Omnes vulnerant, postuma necat.

Discussion in 'Lingua Latina (Latin)' started by popckorn, Jul 15, 2013.

  1. popckorn

    popckorn Senior Member

    Borderlands - México
    Spanish - Mexican
    Hello / Hola!.

    I am looking for a translation of the following phrase / Estoy buscando una traducción para la siguiente frase:

    "Omnes vulnerant, postuma necat."

    It was engrabed over a sun clock in a french garden. / Estaba grabado sobre un reloj de sol en un jardín frances.
     
  2. Quiviscumque

    Quiviscumque Moderator

    Ciudad del paraíso
    Spanish-Spain
    Típica inscripción de reloj:

    "Todas [las horas] hieren, la última mata."
     
  3. djmc Senior Member

    France
    English - United Kingdom
    All injure, the last kills. The idea is tha time as measured in hours gradually makes things deteriorate, and finally finishes them off.
     
  4. popckorn

    popckorn Senior Member

    Borderlands - México
    Spanish - Mexican
    Gracias! / Thank You!

    Does "Nec" means Death/Dead? Does it lends meaning to "Necro" as a prefix?

    ¿Significa "Nec" Muerte/Morir? Le presta significado a "Necro" como prefijo?

    Necat is the only word that looked completey unknown to me. / Necat es la única palabra que lució completamente desconocida para mí.

    The rest of thewords are present in current Spanish / El resto de las palabras están presentes en el español actual:
    Omnes = Omni-potente (all-mighty), Omni-sciencia (Present in all)
    Vulnerat = Vulnerar, Vulnerable
    Postuma = Postuma
    Necat = Desconocida incluso como prefijo, a menos que "Necro" cuente, aunque no es español corriente. / Unknown even as prefix, unless "Necro" counts, even though it is not regular spanish.
     
    Last edited: Jul 15, 2013
  5. bibax Senior Member

    Czech
    Neco, necare is a verb derived from the noun nex, necis, f. = death (violent), murder (as as opposed to mors = muerte).

    The word νεκρός (nekrós) is Greek, probably related to Latin nex.
     
  6. popckorn

    popckorn Senior Member

    Borderlands - México
    Spanish - Mexican
    Much obligued bibax, quite enlightning a post!.
     
  7. bibax Senior Member

    Czech
    You probably meant prefix (not suffix), necro- like in necropolis is not truly a prefix (necropolis, necrophilia, necrofago, etc. are compounds).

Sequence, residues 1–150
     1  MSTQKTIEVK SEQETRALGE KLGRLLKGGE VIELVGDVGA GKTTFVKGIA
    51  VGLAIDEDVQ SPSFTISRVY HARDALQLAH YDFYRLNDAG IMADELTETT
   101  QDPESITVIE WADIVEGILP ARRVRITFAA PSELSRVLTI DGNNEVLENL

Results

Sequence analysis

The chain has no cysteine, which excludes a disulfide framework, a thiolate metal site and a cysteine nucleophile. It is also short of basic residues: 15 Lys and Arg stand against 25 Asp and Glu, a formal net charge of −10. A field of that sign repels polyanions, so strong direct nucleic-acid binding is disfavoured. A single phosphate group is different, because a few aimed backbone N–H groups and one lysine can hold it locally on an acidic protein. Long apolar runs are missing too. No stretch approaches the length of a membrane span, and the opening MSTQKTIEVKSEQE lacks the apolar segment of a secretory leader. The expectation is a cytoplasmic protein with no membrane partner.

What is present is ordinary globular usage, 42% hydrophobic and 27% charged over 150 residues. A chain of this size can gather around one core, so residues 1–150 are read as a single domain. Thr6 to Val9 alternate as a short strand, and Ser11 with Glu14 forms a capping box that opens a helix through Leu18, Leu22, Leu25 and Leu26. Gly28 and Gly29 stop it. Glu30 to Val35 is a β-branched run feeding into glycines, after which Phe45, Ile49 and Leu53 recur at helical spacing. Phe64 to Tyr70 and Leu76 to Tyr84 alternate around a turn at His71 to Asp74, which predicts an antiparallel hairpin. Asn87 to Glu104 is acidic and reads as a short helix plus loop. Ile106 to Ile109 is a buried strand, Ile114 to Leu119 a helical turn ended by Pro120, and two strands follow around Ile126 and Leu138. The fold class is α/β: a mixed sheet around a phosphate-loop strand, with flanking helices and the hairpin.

8. popckorn

    popckorn Senior Member

    Borderlands - México
    Spanish - Mexican
    Oh my! you are right, I shall correct it right away, I did meant PRE-fix.
    I thought all compunded words had a prefix and a suffix. I knew not of a difference. Would you care to elaborate?.
    Does it have to do with the words being of Greek origin and not Latin?.
     
    Last edited: Jul 15, 2013
  9. bibax Senior Member

    Czech
    The prefixes and suffixes usually are not separate words.

    Examples of prefixes: ob- (like in obey), pre- (in prefect), suf- (in suffer), etc.
    Examples of suffixes: -tion (like in revolution), -or (in distributor), -ible (possible), etc. 

    On the other side the compounds are composed from usually two words, e.g. hangman (to hang + man = verdugo) vs. hanger (to hang + suffix -er = percha).

    You are right that many prefixes and suffixes in English (and other European languages) are originally Greek or Latin, but not all, of course.
     
  10. popckorn

    popckorn Senior Member

    Borderlands - México
    Spanish - Mexican
    Amazing!, thank you VERY much!.
     
  11. KRAFTER

    KRAFTER New Member

    Russian, Ukrainian
    Каждый (час) ранит, последний убивает

    In English something like: Each (hour) injures, last (hour) kills......
     
  12. popckorn

    popckorn Senior Member

    Borderlands - México
    Spanish - Mexican
    Now it has become part of a little project of mine.
    Thank you all for your help.
    MAR Libreta 10 - 006.jpg
     
  13. Angelo di fuoco Senior Member

    Germany
    Russian & German (GER) bilingual
    Suffer is a root in itself, it has no real prefix (at least in English & the Romance languages: souffrir, soffrire, sufrir etc.), as long as you don't take Latin etymology and divide suffer in sub + fer (am I correct in my conjecture?).
    Not -tion, but rather -ion, the t belonging to the supine or past participle form. Proof: occasion, invasion etc.
     

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